From Ardkilly the trip continued to Old Head of Kinsale. We wanted to see the lighthouse, but had in advance been told that, that could be indeed difficult. When we reached there, we were met by a gorilla firmly denying us access to the premises. The area could only be accessed by golfers and invited guests, others are kept out by high fences and video cameras! I guess that is why I hate golf, a sport that has no purpose other then keeping nature loving people out from beautiful landscape. Appearently we were not the only ones that had been denied access. Others have organised themselves in the Free the Old Head of Kinsale Campaign. Old Head is also known for being where RMS Lusitania got hit by a German submarine with one of it’s torpedos during the First World War, something that might have provoked United States to later enter the war. RMS Lusitania carried 1,256 passengers on her last voyage, heading for the port of Queenstown (now Cobh), Ireland. The ship sank in 18 minutes and 1.198 people died.
From Old Head of Kinsale we biked to the beaches of Garrettstown, where we did a longer break. The weather was beautiful and we had a rest in the nice sunshine, before heading back to Kinsale through Ballinspittle. In the evening we got recommended a trip to the Spaniard Inn, where there was live traditional Irish music. The music was nice, but sadly I didn’t like the place. The place was overcrowded with perhaps 30 people, there was no place to sit and the place was rather hot. But perhaps that was only me…
The next day we decided to do another bike trip, and this time to the picturesque rolling countryside along the Bandon river to Innishannon. After a few miles of biking we found a perfect view over the river and the countryside.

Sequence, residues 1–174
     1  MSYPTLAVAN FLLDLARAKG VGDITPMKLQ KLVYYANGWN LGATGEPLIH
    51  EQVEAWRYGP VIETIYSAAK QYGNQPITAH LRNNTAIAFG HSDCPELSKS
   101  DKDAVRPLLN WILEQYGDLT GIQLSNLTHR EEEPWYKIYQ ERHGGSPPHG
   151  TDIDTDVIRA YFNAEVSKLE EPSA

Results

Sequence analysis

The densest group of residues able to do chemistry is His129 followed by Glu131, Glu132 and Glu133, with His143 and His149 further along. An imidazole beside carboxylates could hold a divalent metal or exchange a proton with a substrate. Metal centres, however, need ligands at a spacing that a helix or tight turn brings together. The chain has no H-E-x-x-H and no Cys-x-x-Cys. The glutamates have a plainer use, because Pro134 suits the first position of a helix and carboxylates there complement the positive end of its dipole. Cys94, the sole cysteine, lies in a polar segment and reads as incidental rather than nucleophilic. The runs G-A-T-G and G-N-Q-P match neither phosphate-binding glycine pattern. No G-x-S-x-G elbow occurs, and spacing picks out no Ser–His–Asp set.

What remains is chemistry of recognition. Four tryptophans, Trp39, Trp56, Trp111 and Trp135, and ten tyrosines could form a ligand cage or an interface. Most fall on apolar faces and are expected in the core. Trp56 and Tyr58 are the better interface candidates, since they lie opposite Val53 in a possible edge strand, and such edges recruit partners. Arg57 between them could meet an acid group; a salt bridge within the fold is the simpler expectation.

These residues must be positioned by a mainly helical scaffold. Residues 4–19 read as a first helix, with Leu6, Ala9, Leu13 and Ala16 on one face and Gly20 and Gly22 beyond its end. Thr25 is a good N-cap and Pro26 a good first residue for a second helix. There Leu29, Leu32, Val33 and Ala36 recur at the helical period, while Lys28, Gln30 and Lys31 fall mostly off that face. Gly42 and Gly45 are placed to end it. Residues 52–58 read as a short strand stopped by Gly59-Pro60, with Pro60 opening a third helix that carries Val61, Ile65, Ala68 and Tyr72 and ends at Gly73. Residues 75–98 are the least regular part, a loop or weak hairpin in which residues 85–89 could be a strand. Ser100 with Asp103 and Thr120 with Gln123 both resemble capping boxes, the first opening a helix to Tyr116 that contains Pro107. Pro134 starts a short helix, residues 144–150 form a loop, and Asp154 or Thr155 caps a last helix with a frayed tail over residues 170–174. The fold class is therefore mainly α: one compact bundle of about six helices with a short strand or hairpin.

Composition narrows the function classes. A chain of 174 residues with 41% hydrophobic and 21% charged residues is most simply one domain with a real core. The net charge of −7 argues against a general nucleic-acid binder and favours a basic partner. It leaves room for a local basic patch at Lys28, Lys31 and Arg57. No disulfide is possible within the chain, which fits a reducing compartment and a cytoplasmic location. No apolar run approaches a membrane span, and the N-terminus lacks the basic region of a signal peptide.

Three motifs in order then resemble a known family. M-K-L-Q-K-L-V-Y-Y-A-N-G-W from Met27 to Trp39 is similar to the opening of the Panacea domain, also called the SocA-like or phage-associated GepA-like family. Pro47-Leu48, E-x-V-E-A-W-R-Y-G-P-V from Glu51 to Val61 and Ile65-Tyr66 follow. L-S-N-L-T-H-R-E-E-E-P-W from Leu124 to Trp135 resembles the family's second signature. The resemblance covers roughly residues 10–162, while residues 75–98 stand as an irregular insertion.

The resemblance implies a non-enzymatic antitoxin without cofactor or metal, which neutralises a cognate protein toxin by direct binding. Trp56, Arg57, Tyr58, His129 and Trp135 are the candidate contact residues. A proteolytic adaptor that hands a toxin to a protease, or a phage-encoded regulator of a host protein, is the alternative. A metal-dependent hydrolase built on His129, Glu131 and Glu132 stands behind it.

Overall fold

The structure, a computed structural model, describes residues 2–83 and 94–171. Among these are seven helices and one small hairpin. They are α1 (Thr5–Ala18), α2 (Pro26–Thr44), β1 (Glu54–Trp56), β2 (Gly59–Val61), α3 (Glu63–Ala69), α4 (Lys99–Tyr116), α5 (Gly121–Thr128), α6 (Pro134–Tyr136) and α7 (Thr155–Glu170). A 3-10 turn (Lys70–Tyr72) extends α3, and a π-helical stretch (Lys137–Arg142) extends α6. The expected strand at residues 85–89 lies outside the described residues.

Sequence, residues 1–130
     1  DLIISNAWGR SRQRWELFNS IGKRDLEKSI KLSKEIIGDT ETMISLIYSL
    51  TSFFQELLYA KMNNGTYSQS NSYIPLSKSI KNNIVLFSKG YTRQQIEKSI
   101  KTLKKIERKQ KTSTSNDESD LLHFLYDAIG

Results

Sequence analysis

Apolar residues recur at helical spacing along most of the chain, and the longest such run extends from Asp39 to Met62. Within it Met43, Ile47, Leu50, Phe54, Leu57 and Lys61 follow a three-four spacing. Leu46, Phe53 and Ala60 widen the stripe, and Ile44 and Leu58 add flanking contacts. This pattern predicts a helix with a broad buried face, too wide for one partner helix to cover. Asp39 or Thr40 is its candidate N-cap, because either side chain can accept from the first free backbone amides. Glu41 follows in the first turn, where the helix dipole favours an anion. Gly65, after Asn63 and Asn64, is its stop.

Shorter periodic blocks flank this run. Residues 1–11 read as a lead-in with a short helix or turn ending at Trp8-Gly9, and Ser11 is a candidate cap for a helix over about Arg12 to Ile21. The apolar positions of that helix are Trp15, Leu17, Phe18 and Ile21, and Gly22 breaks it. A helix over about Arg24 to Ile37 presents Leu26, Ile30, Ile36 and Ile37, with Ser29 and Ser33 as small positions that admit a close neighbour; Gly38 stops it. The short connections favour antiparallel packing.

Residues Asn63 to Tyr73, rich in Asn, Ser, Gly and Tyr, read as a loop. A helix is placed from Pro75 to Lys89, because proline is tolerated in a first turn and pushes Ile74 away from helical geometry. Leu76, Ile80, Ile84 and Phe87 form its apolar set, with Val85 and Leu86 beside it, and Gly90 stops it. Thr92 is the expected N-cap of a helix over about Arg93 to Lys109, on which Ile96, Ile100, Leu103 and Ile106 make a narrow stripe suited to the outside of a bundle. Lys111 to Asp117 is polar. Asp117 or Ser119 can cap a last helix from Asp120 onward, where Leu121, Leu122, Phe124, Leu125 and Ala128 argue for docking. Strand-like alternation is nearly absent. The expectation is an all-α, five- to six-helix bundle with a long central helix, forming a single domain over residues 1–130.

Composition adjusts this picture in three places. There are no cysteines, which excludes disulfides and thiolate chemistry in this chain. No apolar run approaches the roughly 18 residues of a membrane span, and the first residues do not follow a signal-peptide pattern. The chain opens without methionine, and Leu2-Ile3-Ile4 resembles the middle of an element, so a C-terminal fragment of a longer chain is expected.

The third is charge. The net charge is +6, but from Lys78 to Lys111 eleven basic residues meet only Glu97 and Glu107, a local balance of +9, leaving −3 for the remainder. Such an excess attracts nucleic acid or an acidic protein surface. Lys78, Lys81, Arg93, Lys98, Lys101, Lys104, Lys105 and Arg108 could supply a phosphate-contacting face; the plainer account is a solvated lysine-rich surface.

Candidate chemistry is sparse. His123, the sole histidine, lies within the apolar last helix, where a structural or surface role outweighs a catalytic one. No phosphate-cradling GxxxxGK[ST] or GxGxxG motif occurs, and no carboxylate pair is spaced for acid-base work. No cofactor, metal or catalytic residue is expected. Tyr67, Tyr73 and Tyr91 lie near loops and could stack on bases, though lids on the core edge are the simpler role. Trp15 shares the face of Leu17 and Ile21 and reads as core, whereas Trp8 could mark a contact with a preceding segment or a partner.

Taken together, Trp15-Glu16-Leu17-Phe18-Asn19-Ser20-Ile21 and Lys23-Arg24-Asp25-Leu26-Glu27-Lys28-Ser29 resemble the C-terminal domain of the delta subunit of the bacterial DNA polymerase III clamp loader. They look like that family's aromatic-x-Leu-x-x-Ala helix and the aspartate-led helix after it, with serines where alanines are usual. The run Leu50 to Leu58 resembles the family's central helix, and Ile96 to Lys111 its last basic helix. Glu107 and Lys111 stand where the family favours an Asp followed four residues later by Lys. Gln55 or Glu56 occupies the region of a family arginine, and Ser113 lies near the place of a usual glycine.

Innishannon is a small village, located on the highway between Bandon and Cork (N71). The village is a dormitory village for the city workers. We only had a short stop in front of the church, getting our breaths back. We recommend that you don’t follow the highway further to Bandon, as the speed limit outside Innishannon was 100 km/h and the roads were not wide enough for both bikers and cars.
Just after having crossed the Bandon river we found the old way to Bandon. Quite different from the highway, hardly a car past us and we got to see some nice landscape. We also found two nice pieces of Angus beefs. I was almost drewling…
We didn’t enter Bandon town, but continued biking down those miles in the direction of Kilbrittain. The trip was 6 miles (9.7km) and started with a long climb. The last part was mainly downhill. Sadly we didn’t know of Kilbrittain castle, the oldest habited castle in Ireland. Coolmain Castle is the European Base of Roy Disney (Walt Disneys Nephew). I guess we have to go back to the village and get another couple of pictures. After a short break and a coke, we continued in the direction of the sea and Glanavaud. Perhaps through one of the most beautiful areas we saw during our stay.